Their reasoning is that multiple studies have shown in recent years that transgender women athletes who went through a typical male puberty during adolescence still hold a competitive edge over their biologically female competitors, and that there isn’t enough existing research to conclude how long one must undergo testosterone suppression to even the playing field among trans and cisgender, or non-transgender, women.
Nancy Hogshead-Makar, a three-time Olympic gold medalist swimmer and chief executive of the advocacy group Champion Women, ripped the NCAA’s decision Wednesday.
“The new NCAA policy sounds a lot like the old one,” she told ESPN. “The board hasn’t resolved the intractable balancing between fairness, playing safety and inclusion. They failed women by not prioritizing fairness.”
Linda Blade, a Canada-based sports performance coach and kinesiologist, who has been outspoken on the issue, tweeted: “This is exactly as I predicted. Rather than working diligently to create a comprehensive & sensible policy… Pass the buck to each individual #sport governing body. And, weirdly, invoke the 2015 #IOC policy which is exactly the SAME policy as #LiaThomas used!! #NCAA #COWARDS.”
The College Swimming & Diving Coaches Association of America (CSCAA) said it stands by Thomas competing, and called on the NCAA Division I Competition Oversight Committee to expand the 2022 championship participation cap by one spot.
The CSCAA also criticized the NCAA for passing the buck.
“Yesterday’s Board of Governors’ decision is not a solution,” the College Swimming & Diving Coaches Association of America said in a statement. “The NCAA’s previous policy on transgender participation, while pioneering, was outdated and yesterday’s decision is a missed opportunity to lead this important discussion.”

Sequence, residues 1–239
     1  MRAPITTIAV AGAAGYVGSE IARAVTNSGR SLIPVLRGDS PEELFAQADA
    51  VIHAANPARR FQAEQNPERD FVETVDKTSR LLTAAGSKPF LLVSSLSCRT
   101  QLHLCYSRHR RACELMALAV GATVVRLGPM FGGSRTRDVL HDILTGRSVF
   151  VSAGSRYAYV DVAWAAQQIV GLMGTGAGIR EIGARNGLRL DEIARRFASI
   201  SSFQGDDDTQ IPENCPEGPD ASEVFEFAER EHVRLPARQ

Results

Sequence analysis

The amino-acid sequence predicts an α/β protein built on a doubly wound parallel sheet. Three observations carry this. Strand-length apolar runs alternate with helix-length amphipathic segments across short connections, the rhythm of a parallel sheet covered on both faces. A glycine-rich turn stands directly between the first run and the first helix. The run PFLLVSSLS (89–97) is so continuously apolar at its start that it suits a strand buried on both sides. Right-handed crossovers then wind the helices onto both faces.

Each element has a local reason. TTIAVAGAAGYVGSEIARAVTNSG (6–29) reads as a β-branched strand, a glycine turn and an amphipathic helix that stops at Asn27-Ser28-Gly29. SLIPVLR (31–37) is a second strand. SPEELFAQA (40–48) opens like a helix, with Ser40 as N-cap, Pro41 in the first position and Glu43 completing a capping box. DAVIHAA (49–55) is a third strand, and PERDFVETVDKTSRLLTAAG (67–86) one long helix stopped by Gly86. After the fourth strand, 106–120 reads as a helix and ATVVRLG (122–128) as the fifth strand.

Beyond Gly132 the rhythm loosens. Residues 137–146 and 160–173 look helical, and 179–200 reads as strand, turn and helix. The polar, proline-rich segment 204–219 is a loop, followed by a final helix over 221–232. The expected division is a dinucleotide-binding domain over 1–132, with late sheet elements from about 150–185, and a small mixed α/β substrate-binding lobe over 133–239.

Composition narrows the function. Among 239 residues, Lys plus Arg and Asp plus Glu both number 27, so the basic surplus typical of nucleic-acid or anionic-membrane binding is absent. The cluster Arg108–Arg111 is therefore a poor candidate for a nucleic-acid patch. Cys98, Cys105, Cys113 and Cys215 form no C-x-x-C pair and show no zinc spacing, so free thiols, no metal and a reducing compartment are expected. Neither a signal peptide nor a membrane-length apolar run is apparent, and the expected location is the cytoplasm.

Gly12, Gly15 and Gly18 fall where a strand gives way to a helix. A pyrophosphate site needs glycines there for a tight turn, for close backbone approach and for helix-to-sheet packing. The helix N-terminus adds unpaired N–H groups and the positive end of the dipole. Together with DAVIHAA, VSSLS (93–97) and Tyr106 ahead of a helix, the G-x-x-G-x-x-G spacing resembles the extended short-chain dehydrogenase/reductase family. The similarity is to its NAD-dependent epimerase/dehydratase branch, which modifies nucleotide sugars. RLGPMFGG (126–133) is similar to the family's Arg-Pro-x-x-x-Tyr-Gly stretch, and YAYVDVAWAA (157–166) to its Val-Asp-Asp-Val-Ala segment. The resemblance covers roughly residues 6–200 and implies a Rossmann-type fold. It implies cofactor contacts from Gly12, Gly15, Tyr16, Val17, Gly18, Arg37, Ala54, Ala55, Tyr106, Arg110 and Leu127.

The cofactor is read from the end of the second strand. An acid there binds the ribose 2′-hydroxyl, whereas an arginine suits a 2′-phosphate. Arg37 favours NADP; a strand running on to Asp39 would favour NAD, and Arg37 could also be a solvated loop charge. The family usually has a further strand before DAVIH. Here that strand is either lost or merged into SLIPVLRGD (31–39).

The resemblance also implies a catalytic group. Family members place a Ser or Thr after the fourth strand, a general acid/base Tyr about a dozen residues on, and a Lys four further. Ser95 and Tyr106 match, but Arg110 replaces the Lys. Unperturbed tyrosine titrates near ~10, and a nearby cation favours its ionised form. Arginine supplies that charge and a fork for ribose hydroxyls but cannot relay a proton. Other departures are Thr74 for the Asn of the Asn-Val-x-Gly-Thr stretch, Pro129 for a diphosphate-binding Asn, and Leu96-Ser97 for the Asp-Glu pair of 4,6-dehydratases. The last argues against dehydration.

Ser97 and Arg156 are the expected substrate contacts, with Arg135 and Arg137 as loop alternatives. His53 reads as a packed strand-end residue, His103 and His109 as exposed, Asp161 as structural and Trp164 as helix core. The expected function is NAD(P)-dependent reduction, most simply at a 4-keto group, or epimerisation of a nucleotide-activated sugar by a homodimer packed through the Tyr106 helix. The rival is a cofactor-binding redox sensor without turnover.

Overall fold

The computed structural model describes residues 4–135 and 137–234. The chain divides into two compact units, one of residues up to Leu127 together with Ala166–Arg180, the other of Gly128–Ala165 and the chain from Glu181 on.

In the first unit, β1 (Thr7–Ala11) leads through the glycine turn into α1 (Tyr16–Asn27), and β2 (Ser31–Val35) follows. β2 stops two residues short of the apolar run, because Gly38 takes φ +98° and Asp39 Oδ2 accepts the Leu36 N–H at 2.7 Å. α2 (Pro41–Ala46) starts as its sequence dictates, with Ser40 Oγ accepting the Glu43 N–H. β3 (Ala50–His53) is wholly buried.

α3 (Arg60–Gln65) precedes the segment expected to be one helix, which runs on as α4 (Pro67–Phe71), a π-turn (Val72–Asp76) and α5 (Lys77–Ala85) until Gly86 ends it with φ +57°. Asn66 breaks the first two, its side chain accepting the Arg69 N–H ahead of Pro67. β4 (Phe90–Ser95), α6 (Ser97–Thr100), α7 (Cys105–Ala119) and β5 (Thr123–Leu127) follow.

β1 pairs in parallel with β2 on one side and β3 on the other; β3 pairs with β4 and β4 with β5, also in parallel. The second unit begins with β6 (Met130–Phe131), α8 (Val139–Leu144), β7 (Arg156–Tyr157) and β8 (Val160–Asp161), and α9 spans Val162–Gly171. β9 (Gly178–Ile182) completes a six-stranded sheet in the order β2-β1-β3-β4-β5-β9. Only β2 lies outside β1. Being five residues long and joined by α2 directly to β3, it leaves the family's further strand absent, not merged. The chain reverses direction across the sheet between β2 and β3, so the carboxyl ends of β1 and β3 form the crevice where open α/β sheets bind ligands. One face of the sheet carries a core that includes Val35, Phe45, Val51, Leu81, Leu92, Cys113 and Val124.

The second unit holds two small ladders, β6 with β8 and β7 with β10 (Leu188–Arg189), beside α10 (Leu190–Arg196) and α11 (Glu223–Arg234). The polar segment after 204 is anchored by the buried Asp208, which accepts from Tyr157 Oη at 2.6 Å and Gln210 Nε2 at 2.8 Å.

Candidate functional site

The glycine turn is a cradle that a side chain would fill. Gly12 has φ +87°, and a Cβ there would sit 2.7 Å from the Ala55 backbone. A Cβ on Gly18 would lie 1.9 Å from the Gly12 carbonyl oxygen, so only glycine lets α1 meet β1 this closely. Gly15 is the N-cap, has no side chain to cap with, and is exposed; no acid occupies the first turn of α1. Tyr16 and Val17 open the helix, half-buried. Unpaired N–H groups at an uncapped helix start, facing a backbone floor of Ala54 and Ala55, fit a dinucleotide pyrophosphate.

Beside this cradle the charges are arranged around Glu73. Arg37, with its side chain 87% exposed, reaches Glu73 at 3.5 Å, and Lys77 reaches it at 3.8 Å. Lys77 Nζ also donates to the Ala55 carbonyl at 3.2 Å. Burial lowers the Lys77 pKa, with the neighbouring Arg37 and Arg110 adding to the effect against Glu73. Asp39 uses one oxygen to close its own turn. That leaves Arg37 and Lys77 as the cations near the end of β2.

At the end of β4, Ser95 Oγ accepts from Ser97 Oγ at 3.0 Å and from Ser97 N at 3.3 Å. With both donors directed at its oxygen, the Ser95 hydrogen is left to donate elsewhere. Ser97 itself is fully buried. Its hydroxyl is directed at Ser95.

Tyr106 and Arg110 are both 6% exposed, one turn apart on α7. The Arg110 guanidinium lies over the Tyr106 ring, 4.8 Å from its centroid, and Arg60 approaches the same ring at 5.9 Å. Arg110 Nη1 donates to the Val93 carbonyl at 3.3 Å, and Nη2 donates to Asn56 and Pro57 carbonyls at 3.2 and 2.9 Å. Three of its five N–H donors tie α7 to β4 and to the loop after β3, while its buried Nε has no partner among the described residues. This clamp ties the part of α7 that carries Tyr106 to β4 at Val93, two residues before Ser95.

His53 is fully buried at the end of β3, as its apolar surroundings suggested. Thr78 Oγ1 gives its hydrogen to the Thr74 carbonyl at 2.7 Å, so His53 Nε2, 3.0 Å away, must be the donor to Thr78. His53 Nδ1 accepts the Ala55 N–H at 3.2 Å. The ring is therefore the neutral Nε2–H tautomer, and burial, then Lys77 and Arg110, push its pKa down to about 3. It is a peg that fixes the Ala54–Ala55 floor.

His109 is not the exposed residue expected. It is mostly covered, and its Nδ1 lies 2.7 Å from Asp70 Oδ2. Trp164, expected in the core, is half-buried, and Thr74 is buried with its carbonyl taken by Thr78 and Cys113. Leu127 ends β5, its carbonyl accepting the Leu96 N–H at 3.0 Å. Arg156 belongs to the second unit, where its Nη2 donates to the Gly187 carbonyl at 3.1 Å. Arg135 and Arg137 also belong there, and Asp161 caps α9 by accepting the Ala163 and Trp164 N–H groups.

There’s also a level of confusion on what the NCAA rule change will mean specifically for women’s swimming. The requirement that’s posted on usaswimming.org is outdated, citing “current IOC guidelines” that were abandoned in November, Forbes reported.
The old IOC standards had required trans female athletes to demonstrate a total testosterone level in serum below 10 nmol/L for at least 12 consecutive months prior to competing on a women’s team, but that rule was abandoned in November in favor of a sport-by-sport approach.
A spokesperson from the NCAA clarified to SwimSwam.com that the “previously established IOC policy criteria” refers to the November 2021 framework, which doesn’t have specific rules about testosterone suppression.
“In other words, at present, for swimming, this means that there is now no testosterone suppression requirement, as neither FINA nor USA Swimming have published one,” SwimSwam.com reported.
USA Swimming issued a statement Thursday provided to Fox News Digital that said it would follow the lead of FINA, which it said will be releasing a new policy shortly.
“In 2018, we established athlete inclusion procedures, which included both a process by which an athlete could change their competition category consistent with their gender identity and criteria for athletes qualifying for or competing in elite-level competitions (including those competition time qualifications such as Juniors, Nationals and U.S. Open), which adhered to previous International Olympic Committee guidelines,” the statement read, in part. “This policy also importantly provides for individual athlete consideration.”
“The non-elite athlete inclusion procedures remain unchanged,” it continued. “Following broad transgender policy changes in Nov. 2021, the IOC now requires International Federations to create their own sport-specific eligibility requirements, and so we have been proactively working with FINA for several months to help shape and support their policy development efforts. We believe they will release a new policy shortly, which we will adopt for elite-level competitions.”